Affirmative action in M'sia - the road to nowhere

Opinion  |  S Thayaparan
Published:  |  Modified:

“But as time goes by, despite the original good intention, the affirmative action policy turned into an ugly beast. What was supposed to be a temporary assistance programme evolved into a sense of entitlement, and then morphed into a monster called Malay rights that cannot be debated, let alone be removed.”

- Wan Saiful Wan Jan (‘Affirmative action is morally wrong’)

(Writer's note - Discussions about affirmative action always seem to be peppered with this rather dumb oppositional meme that we are living in an "apartheid" state. This is the same vein of dumb rhetoric as “ethnic cleansing” in public service that resulted in my very public clashes with Hindraf. I would argue that making such nonsensical claims is morally wrong and the reason why it sometimes sucks to be a rational supporter of the opposition or a rational opposition-leaning supporter.)

Wan Saiful Wan Jan or as I like to refer to him as ‘The Ideas Man’ wrote two thoughtful pieces, ‘Affirmative action is morally wrong’ and ‘Bring back morality into economics’ that deserve attention for obvious reasons but more importantly, they come at a time when the Malay polity and Malay powerbrokers are in a state of agitation.

In the ‘morally wrong’ piece (c’mon, it would be a sin not to take that shot), Wan Saiful makes an important but problematic point - “To add to the complication, looking at the situation in our country today, I also feel that only a Malay can talk about abolishing affirmative action in Malaysia. Things will only become worse if a non-Malay were to champion this issue.”

This is a problematic statement because not only is it true but it is also the main reason why the political and economic discourse in this country is poisoned. There are two important points here - (1) Sanctions by the state for discourse deemed “seditious” which usually involves anything to do with “Malay” rights, and (2) the self-imposed censorship by the opposition on subjects deemed as “obstructionists” in the goal of achieving federal power.

I regret to inform Wan Saiful but he is a little late with his rejoinder. Unfortunately, this old sailor ignored that sacred cow - non-Malay transgressing on Malay sacred provinces - five years ago in an article ‘No brave new Malaysia’, where I argued that perhaps it was time to rethink the whole affirmative action deal.

I wrote - “To my thinking the fact that the majority Malay community (and the rest of us Malaysians) have suffered from an affirmative action policy, perhaps the best course of action, at least as a temporary measure, is to abandon the idea of affirmative action.”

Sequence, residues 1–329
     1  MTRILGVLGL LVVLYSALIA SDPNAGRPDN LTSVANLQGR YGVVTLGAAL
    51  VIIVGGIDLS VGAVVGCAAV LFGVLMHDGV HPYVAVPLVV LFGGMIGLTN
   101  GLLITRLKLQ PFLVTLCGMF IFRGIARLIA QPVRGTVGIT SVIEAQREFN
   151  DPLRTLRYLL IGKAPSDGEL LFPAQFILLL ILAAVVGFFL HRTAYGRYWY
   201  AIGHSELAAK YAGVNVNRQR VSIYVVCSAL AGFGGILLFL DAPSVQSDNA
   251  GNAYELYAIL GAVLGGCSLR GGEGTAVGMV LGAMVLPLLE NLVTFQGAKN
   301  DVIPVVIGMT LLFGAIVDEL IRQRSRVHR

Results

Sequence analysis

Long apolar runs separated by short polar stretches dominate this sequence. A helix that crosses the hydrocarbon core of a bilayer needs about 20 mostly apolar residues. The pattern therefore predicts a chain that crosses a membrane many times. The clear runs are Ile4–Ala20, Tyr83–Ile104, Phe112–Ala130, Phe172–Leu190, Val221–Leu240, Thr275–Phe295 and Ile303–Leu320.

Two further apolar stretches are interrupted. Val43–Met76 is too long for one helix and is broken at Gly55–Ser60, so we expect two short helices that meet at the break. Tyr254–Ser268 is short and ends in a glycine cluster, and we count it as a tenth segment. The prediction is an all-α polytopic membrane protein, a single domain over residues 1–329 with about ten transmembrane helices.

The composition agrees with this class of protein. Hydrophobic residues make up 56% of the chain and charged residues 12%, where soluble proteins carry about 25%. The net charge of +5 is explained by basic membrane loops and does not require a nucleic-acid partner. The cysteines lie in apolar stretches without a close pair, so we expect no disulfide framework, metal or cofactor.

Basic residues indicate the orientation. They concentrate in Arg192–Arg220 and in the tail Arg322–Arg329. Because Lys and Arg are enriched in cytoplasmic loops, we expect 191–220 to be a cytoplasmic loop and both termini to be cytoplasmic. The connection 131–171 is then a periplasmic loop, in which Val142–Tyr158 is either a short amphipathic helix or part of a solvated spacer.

In that same article, I encouraged readers to plough through Thomas Sowell’s - in my opinion, masterpiece - ‘Affirmative Action: A World Wide Disaster’ (1989), and because I am that kind of political pundit, gave a cliff notes version of the article highlighting salient points (in bullet form no less) from the lengthy article.

I ended the piece with a Sowell quote - as I began the piece with one - “When you want to help people, you tell them the truth. When you want to help yourself, you tell them what they want to hear."

What I really like about Wan Saiful’s piece beyond his candour is that he stakes no middle ground. He argues against affirmative action as something morally wrong and does not attempt to soften the stance by pandering to the politically-correct narrative of a “needs-based” approach.

The so-called “needs-based” approach is something of a strawman advocated by the opposition in an effort to pander to the Malay vote. Opposition politicians always say on the one hand that a “needs-based” approach is needed for an “equal society” which satisfies the non-Malay polity, but then go about reassuring the Malay polity that as the majority they will always be the “majority in need”...

Sign in


Welcome back,

Your subscription expires on
  

Your subscription will expire soon, kindly renew before
  

Your subscription is expired
  Click here to renew

You are not subscribed to any subscription package
  Click here to subscribe now

Any questions?
  Email: [email protected]
  Call: +603-777-00000

Renew